Nov 17, 2016 | By Andre

DLP (Digital Light Processing) 3D printing technology remains a popular mainstay in the sector thanks in part to success stories on crowd funding platforms like Kickstarter. So it’s a welcome thought knowing another DLP 3D printer has already funded with a long way to go before its campaign completes.

Backed by Mayc - a Hong Kong based Design & Development firm - the D2K Illuminate DLP UV-LED 3D printer has already broken well beyond their modest ambition of $58,000HKD (roughly $7,500USD) and have secured their place in the ranks of funded campaigns.

So what, if anything, sets the D2K Illuminate apart from the rest? The campaign pushes heavily on the fact that it uses a 2K resolution LCD screen as a projector and promises high resolution, accurate parts as a result. And after following along through the details and checking through the example prints, there really is good reason to get excited about their system.

It is ultimately the LCD screen (along with a UV405nm LED Bulb) that brings form out of the otherwise dormant 3D print resin. With controlled blasts of light through the active screen, the resin cures at up to 35 micron a second, matching layer height limits and a build volume of 121x68x130mm.

Beyond the fundamentals, the physical exterior look and feel has a lot to do with how the campaign eventually does. As things stand, the cover is made of Acrylic (presumably laser cut) board but an injection molded casing because practical anywhere over 50 backers. Not that acrylic is bad, and neither is the solid stainless steel z axis rod that minimizes print deformation while activated, but injection molded parts are always desirable from a design perspective.

On the inside, USB and HDMI adapters are present for external outputs, it is run by Creation Workshop 3D print driver software and fuelled by their custom 405nm UVC curable resin blend.

And while similar specs have been produced with prior Kickstarter funded DLP 3D printers, the low price point might convince you the D2K Illuminate is worth a look. With the Super Early Bird unit still on sale for roughly $775USD (later stage editions still max out at around $812USD) it’s as affordable as one can expect with a DLP 3D printer while still having a sense of a reliability and quality.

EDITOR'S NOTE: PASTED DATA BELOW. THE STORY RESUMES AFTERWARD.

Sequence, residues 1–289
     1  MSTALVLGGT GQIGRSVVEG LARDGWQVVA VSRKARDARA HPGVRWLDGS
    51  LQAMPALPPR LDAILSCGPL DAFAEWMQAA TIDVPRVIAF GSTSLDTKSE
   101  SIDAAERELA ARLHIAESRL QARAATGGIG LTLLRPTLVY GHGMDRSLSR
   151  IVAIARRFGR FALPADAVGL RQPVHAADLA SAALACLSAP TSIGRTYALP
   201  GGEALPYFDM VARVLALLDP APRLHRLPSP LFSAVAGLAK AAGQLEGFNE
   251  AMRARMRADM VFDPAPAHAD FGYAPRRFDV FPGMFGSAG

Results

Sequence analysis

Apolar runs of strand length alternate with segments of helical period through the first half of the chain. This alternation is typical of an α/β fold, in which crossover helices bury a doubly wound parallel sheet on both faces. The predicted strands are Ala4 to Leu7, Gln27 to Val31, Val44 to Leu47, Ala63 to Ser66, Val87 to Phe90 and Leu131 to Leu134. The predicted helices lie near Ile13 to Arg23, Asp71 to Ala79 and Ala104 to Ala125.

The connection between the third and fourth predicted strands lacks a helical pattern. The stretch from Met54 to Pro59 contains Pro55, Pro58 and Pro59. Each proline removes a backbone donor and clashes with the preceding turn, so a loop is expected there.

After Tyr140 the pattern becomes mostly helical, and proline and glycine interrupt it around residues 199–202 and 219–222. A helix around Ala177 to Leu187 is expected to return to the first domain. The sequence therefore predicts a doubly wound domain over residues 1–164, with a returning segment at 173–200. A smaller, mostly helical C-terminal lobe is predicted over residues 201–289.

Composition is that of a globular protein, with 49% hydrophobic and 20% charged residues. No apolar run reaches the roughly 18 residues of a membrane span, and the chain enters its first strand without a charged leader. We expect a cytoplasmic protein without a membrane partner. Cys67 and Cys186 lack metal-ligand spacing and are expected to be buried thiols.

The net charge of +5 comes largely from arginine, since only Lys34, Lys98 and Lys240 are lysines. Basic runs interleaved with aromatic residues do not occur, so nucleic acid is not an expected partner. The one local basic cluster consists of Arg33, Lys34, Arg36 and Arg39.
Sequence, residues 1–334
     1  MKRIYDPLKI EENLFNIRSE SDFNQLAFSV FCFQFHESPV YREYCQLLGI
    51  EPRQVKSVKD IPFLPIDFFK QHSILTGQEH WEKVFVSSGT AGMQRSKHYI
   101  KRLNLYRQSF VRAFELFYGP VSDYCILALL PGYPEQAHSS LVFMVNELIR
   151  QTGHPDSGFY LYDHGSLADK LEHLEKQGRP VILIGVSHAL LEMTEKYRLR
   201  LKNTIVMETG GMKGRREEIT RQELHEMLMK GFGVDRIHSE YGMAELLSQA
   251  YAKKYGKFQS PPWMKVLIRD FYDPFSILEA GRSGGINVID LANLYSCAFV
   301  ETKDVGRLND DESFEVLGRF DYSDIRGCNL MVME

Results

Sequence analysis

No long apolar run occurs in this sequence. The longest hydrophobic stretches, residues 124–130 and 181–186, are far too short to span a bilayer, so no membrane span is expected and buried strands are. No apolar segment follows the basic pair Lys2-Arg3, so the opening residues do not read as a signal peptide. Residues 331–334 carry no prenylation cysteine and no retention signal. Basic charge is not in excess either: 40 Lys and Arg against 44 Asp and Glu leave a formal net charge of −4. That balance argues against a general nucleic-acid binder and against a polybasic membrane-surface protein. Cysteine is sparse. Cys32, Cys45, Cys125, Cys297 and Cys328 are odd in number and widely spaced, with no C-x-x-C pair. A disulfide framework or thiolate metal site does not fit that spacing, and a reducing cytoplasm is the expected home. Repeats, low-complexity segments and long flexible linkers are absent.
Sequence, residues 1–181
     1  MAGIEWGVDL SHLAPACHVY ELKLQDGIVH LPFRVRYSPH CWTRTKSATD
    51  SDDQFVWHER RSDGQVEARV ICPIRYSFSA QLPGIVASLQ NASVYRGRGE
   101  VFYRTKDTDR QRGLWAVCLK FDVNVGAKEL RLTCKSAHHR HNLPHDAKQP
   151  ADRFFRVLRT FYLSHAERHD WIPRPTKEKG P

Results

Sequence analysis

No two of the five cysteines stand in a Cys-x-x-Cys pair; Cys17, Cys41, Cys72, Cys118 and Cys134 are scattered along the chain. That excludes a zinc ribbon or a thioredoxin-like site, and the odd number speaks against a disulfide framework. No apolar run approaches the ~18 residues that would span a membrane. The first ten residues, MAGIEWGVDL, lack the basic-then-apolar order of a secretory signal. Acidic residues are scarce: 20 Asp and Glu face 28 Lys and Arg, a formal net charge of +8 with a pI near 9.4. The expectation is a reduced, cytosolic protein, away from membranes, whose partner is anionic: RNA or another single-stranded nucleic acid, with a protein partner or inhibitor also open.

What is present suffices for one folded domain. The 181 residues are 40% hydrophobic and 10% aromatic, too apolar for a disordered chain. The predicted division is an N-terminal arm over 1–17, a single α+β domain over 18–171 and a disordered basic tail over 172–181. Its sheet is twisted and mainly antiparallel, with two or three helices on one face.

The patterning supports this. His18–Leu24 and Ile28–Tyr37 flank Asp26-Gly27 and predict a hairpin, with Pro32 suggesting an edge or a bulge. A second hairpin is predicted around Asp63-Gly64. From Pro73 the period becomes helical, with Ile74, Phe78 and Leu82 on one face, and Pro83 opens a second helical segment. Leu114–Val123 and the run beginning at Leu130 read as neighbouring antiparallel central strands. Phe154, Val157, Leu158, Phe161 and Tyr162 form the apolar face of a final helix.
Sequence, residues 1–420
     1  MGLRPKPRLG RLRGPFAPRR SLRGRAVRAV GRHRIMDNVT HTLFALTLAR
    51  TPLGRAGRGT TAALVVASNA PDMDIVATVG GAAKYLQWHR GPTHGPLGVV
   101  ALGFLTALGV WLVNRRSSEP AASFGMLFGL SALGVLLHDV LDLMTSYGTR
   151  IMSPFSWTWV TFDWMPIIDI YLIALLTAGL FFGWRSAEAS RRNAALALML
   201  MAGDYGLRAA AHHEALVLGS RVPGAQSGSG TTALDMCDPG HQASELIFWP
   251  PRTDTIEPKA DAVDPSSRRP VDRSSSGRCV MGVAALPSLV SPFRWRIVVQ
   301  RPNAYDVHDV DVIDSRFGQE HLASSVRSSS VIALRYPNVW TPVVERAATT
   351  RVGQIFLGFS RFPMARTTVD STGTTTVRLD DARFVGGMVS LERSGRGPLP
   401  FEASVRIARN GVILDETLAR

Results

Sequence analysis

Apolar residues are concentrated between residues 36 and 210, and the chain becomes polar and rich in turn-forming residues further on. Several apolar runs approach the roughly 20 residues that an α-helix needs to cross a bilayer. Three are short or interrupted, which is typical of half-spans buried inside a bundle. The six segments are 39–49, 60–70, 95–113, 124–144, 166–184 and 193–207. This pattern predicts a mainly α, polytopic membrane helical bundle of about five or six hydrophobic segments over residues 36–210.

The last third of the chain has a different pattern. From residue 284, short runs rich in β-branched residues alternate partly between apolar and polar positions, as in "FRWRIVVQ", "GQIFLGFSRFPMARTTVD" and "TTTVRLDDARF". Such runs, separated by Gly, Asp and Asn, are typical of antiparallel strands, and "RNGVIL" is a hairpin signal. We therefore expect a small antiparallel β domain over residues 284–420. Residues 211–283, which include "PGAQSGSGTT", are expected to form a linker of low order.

Of course, it is always tricky to know where a crowd funded project may lead once the realities of production delays and supply chain promises falter, but the team seem to have gone through what is necessary to get them to where they are.

Wanting a 3D printer that is capable of assisting any designer with producing high quality parts at a low price, they have been at it for over a year and claim 95% of the development of their system is already complete.

If all goes according to plan, early bird backers should have their 3D printers delivered to them by the end of December and the balance some time in the middle of 2017. I would be pleasantly surprised if they can deliver on all their goals. Although, even if they don’t deliver as quickly as promised, a slight delay is still worth the low early adopter prices.

There is some hint in the campaign page that suggests they have the finances in place to move things along quickly however. They write that “We’ve input lots of money and times, hence, D2K Illuminate 3D printer is already well developed and prepared for every backer, no need to wait too long as we are everything ready to proceed with the production once the campaign time’s up.”

In the end, just like so many Kickstarter campaigns out there, the success and ultimate contribution to 3D printing by the D2K Illuminate DLP 3D printer depends almost entirely on how close they can deliver their project on budget and within a reasonable time frame. So far however, so good.



Posted in 3D Printer



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Simon wrote at 11/24/2016 7:46:33 PM:

What curing times do you work with? On Kickstarter they mentioned about 18.5 seconds @35u. The guy from Alibaba (I think that's where you got yours from, too, told me, I should go down to 3 seconds. I know, it's dependent of the resin type. I'm completely new to the topic, I have just received a litre of Fun-To-Do industrial blend, and the printer is going to be here tomorrow. So if you could give me a hint on this, that would be great! Of course, I'm also interested in these facts. Bazooka, what do you mean by that? Does the display show something reasonable? Does the Z axis work? Is it doing anything?

Bazooka wrote at 11/23/2016 2:24:59 PM:

I have the same printer but couldn't get it running. Possibly it's faulty. What were your defects?

Bazooka wrote at 11/23/2016 2:10:07 PM:

I have the same printer but couldn't get it running. Possibly it's faulty. What were your defects?

Printin' wrote at 11/17/2016 3:06:01 PM:

Is this a knockoff of the MORPHEUS DELTA or the other way around?

~~Ol~~ wrote at 11/17/2016 10:22:41 AM:

I already got this printer from what i guess is the original manufacturer for about 60-70% of their price , only the color is not same ( light grey body, green acrylic cover ) . this is quite a good printer , suffering only of small and easy to fix defects . i'm not sure if you can "kickstart" a product that is already on the market... wait and see...

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